Director: Enrico Casarosa
Cast: Jacob Tremblay, Jack Dylan Grazer, Emma Berman, Saverio Raimondo, Maya Rudolph, Marco Barricelli, Jim Gaffigan, Peter Sohn, Lorenzo Crisci, Marina Massironi, and Sandy Martin
Movie length: 1 hours 35 minutes
What it is: Luca is aching to go out and experience the world, but family, and the fact that he’s a sea monster, hold him back.
What I think: A graphic paradise that rivals the beauty of the Italian Riviera it’s meant to emulate, Luca relies heavily on its visual setting to carry the film. An adorable Sea Monster, Luca Paguro (Jacob Tremblay) mirrors an Ariel like longing to discover the world beyond his water corner. Embedded with stories of “human monsters” lurking just beyond the clear waters surface, he seems content to just dream, until he meets fellow young Sea Monster Alberto Scorfano (Jack Dylan Grazer). Alberto’s magnetic personality and fearless approach to life draws Luca in, and after a falling out with his own parents, Luca gathers the courage to visit the local seaside town just beyond his reef.
There we are introduced to Ercole Visconti (Saverio Raimondo), who oddly enough for a Pixar film, is a bully and clear cut villain. Ercole fumbles about trying very hard to be as much of a bully trope as possible, to the point where it draws a cringe at times, mostly from the lack of depth in his character. It is not till the end that we discover why Ercole embodies a hateful persona.
Seemingly to counter Ercole’s darkness, the film has it’s hope filled cheerleader in Giulia Marcovaldo (Emma Berman), a local ball of spunk who disrupts Ercole’s reign of terror every chance she can get, while simultaneously creating that welcome space that Luca needs as he feels his way through the non-sea monster world.
Luca’s parent’s balanced relationship is a welcome addition to a Disney film, his father exemplifying non-toxic masculinity and willingly offering support. And while the main protagonist and villain hardly vary beyond a predictable path, it draws even more attention to the genuine parts, like the upbeat Italian language music, and the detailed settings.
It is not till the end, with the simplistic peak, that we understand the role each character has played and how it ties into the overall theme.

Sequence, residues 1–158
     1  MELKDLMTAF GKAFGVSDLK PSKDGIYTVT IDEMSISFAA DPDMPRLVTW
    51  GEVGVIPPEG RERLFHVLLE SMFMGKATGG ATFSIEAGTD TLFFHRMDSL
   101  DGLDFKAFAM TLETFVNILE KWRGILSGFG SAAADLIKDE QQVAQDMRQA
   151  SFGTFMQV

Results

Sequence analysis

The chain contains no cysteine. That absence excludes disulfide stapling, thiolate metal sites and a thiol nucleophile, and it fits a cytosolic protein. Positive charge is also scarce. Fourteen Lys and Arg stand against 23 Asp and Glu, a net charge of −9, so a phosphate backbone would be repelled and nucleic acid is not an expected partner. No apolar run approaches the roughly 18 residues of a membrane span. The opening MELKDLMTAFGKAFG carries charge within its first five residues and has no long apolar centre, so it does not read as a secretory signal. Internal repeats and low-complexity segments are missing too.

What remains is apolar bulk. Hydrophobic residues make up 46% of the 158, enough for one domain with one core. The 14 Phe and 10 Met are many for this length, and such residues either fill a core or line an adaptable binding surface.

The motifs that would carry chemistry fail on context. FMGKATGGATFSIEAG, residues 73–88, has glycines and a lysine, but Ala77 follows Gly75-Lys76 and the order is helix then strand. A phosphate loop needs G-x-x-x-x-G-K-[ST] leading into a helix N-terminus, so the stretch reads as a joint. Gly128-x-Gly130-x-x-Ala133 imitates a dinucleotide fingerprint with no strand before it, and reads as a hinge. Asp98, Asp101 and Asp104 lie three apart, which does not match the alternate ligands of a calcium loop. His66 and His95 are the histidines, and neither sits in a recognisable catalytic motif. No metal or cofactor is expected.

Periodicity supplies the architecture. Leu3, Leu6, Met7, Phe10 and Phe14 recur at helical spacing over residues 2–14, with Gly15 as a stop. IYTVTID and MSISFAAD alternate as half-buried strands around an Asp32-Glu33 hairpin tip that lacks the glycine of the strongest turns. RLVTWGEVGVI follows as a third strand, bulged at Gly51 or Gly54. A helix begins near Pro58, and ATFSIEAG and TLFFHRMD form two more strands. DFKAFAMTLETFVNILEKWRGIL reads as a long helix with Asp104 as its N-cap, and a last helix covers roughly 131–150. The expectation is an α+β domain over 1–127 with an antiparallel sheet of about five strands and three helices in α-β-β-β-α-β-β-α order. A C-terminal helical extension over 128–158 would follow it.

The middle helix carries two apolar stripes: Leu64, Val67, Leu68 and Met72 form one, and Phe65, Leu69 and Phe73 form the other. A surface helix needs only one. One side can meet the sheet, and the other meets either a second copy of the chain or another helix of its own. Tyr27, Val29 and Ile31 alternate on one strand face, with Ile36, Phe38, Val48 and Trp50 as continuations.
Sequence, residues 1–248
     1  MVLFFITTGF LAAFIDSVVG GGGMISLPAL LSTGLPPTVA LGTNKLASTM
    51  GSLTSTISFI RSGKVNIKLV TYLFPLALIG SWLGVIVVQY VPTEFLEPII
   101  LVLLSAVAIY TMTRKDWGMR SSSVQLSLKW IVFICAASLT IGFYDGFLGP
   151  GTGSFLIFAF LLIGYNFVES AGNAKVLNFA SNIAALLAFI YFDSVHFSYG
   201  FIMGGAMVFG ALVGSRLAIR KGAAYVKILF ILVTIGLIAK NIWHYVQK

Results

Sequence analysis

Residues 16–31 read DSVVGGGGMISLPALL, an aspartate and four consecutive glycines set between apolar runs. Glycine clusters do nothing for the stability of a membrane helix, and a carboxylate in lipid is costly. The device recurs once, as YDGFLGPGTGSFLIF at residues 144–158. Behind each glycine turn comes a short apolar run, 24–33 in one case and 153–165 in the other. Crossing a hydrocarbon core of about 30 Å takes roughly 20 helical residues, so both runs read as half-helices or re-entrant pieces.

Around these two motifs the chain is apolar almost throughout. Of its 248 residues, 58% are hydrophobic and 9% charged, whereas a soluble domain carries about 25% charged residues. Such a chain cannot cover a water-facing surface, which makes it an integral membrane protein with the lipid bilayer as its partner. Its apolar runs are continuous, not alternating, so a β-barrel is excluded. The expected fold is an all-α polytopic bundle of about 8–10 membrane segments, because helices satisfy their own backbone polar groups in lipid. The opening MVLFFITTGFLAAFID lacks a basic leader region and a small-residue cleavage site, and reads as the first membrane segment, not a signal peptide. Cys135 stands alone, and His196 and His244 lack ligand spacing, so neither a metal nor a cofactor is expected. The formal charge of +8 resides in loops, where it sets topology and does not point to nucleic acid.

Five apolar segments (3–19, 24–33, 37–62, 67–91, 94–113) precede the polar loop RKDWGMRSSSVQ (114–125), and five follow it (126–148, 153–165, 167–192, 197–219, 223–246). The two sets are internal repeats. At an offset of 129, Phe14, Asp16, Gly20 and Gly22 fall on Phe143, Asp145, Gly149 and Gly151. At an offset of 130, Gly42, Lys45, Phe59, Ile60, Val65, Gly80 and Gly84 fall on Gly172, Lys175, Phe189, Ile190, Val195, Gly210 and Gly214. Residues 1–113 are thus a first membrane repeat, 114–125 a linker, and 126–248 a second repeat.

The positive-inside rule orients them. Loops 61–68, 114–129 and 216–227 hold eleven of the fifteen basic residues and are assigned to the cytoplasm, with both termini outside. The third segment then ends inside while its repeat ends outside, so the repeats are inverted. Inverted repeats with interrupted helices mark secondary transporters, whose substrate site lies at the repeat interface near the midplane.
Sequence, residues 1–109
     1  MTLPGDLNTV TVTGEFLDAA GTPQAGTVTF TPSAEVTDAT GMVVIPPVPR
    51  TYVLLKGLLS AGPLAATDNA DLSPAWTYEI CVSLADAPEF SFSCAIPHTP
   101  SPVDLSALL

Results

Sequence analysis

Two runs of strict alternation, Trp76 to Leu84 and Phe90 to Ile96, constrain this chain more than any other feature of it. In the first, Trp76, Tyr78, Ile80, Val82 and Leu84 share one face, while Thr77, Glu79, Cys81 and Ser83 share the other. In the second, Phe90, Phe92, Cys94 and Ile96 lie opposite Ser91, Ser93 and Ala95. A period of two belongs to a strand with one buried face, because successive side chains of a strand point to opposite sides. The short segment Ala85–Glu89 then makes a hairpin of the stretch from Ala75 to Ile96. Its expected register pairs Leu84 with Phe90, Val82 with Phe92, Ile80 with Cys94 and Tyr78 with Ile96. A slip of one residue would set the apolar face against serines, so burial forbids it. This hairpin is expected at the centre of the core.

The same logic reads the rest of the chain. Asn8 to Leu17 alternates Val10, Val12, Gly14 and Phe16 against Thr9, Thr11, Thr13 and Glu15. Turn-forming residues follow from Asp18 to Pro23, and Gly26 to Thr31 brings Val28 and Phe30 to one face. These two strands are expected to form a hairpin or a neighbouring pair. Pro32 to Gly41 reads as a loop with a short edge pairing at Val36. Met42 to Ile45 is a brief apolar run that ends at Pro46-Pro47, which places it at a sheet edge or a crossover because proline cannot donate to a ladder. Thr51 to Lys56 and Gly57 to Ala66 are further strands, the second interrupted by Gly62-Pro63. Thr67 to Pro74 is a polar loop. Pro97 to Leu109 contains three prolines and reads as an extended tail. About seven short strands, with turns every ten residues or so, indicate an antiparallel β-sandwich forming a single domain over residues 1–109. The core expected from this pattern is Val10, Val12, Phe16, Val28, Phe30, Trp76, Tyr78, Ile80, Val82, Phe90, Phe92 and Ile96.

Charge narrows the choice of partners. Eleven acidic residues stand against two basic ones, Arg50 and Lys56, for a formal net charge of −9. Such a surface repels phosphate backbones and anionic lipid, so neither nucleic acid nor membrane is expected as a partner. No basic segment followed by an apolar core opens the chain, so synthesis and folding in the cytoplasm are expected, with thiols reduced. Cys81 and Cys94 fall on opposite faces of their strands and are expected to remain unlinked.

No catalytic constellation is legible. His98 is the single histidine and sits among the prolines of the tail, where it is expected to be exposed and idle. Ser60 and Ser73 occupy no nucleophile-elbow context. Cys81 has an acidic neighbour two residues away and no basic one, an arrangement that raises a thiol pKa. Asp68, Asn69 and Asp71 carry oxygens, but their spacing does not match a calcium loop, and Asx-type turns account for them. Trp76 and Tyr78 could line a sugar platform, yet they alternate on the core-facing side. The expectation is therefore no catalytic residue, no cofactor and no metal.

My Grade: B-, I admit I am spoiled. I have become accustomed to Pixar’s obvious soulful, and often heart wrenching, take on societal issues. It’s become the reason I sit down with my kids and watch as intently as they do whenever a Pixar film is released. From Toy Story’s take on time’s impact on childhood, to the delve into mental health with Inside Out, Pixar has demonstrated a gift for age appropriate explanations on tough topics.
But Luca, as cute as it was, hid its intent too well to recognize.
For within the storyline, far embedded in a way that does not draw the immediate conclusion, lies the story of acceptance that goes far beyond the want for independence. Hidden within a simplistic storyline, in a blink and you’ll miss it moment, there lies a story of a being, not fearful of who they are, but fearful of not being accepted. Moving through the film with childlike wonderment, Luca is never forgetful of who he can be revealed to be, yet he still holds wants and desires central to his own dreams, overcoming them in a moment of fear.
Ercole, who mimics a Gaston level narcissism, without sign of any hint of humanity or empathy, seems to erase the message Pixar has been engraining in audiences for over a decade, that rarely is the world ever bad and good.
Yet after initially struggling to figure out why, it presents itself in his response to Luca stating that he is not afraid of him.
“But we are afraid of you, you are a monster.”
Ercole’s character is not humanized to reflect the inhumanity of unneeded hate and unreasonable fear. It lands with exactly the force it is meant, and after the totality of the film, you understand the impact of Luca revealing his true self. It was not lost on me that so many once young Queer youth, who struggled through a time of less acceptance, instantly recognized the subtle message. And for all those that glazed over the film’s intent, whether it had been intentional or not, Luca’s grandmother offers clarification with her wisdom.
For when Luca’s mother shared her hesitation that he may not find an accepting world like the one in Portorosso, Grandma Paguro quips “Some people, they’ll never accept him. But some will. And he knows how to find the good ones.”
And while we had to look deep to find the purpose in Luca, we can say for all those rainbow little ones, it is a good one.
Luca is currently playing on Disney+.
Viewed for your benefit by your Melanin Gifted Film Critic.
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